Using a new C++ standard - The pain of being at the cutting edge

As you probably heard, I wrote a book about C++20 called Programming with C++20. My goal was, and is, to show correct C++20 code as early as possible. Given that even in 2022, only MSVC claims full C++20 support in the compiler and the standard library, we need to have a long breath.

In today's post, I share my experience, which hopefully helps you with your own path to C++20. Despite the slow progress, this standard is incredible and will have a strong influence on C++20.

A programming book is all about code

I teach enough C++ classes to have seen the effect of code examples. Mistakes, errors, and typos are all things that can confuse people. I think this is understandable. We are learning something new. This new is about coding. Then what's shown there must be correct. An English teacher can't effort bad grammar as well (good thing I'm not an English teacher).

That is why I compile all the code examples in Programming with C++20 (okay, maybe with 2-5 exceptions). Thanks to a system based on LaTeX, the same code is included in the book. That's to avoid copy and past errors.

All that sadly doesn't protect from logic errors.

Unit tests to ensure quality

Despite it being a book, I started with unit tests. For most examples in the book, I have tests to verify the behavior. Check that the code compiles isn't enough. The tests verify the logic and ensure that the output does not change with a compiler upgrade.

Each example is compiled with Clang, GCC, and MSVC, on Windows, Linux, and on macOS. GitHub Actions make this possible.

My challenges

I started back in 2020 with the project, right after C++20 was finalized in Prague (which, by the way, was a lovely WG21 meeting). There was not one compiler that implemented all the language or library features at that time. I needed a way to make progress without waiting for the final implementations. As I know today, the book wouldn't be finished otherwise.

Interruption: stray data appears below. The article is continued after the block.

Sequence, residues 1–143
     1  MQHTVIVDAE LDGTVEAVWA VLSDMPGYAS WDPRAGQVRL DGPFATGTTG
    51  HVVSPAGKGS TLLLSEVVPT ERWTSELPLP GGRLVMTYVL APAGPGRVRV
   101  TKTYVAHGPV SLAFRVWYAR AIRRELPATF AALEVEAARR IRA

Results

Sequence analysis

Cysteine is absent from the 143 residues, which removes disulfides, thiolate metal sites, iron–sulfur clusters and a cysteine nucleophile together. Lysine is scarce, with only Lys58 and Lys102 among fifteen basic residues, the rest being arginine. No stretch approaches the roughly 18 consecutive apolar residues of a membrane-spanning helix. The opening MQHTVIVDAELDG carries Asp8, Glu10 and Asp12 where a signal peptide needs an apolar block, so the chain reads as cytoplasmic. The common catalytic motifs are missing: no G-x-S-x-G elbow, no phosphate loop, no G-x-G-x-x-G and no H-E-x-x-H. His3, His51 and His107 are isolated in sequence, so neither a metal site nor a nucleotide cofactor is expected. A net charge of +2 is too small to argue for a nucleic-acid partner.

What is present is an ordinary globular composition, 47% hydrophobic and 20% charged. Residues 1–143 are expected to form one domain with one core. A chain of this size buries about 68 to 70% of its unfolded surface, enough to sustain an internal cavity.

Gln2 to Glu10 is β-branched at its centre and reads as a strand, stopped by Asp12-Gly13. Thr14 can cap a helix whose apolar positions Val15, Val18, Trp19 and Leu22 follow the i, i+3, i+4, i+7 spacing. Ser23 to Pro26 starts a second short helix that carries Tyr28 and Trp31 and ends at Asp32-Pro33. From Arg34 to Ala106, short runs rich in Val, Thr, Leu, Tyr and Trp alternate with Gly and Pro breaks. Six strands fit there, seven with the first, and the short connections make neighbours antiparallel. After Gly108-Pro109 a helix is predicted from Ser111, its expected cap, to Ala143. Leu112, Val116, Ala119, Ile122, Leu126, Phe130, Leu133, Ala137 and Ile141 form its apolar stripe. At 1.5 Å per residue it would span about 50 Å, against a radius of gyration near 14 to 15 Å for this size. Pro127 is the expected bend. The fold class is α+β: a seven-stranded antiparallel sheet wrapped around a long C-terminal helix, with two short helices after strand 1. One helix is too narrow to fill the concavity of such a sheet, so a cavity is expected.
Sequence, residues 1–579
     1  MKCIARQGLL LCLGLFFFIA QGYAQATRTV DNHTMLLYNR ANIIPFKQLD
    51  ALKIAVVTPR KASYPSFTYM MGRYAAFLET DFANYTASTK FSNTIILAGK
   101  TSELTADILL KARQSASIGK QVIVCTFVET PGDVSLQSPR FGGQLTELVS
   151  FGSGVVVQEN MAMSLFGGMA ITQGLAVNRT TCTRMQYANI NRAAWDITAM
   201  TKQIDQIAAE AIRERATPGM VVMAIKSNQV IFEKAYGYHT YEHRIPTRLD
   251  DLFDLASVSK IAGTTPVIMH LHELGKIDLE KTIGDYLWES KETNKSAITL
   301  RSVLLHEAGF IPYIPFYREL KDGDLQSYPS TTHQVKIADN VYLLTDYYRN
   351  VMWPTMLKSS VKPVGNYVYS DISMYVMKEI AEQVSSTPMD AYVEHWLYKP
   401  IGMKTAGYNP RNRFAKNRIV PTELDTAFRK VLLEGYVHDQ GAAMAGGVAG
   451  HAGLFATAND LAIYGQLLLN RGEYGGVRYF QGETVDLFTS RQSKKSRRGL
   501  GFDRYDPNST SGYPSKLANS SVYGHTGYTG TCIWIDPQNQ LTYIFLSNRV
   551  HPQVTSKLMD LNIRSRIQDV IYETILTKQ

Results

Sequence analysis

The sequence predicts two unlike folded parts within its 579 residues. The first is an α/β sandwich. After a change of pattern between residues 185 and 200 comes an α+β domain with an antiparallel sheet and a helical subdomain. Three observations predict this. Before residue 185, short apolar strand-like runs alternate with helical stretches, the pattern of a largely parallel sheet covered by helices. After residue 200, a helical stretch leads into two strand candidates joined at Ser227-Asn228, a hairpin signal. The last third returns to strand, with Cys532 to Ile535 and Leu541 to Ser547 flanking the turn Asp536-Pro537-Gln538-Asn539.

What can we do in such a situation? Well, some things can be detected with __has_include. For example, std::format can be mocked with libfmt. It is not 100% compatible, but close enough. I used __has_include to compile examples only with a compiler that supports that feature. All other compilers simply did compile void. That was good enough for me but might not be for a real project.

More complicated

Other items are more complicated, Concepts, for example. Concepts come as a library and a language part. At the time I started, GCC had both a Concepts implementation for the language extensions and the library, the header <concepts>. There is also a feature test macro to detect it in the standard. Sadly that early implementation was buggy. MSVC, like GCC, had both, but the implementation seemed to be incomplete at the time. Clang came along with just the language features. They were more stable, but the Concept header was missing.

Clang seemed to me to have the best implementation in terms of stability and completeness. That made it terrible to test whether the code I presented in the book was correct.

The check for the header did help only partially. The check for the feature test macro was a disaster as they all claimed to implement the language feature but with different progress.

Fail expected

My approach was to tackle this with CMake. I wrote CMake tests that expected the compile to fail! With markers like HAVE_concepts and defines like IS_CLANG I instructed these tests for which target and compiler combination a compile error was expected. That way, I hoped to see when compilers catch up and see that my code was (hopefully) valid, and with that, lift the restricting defines. It worked :-)

Wait, there is more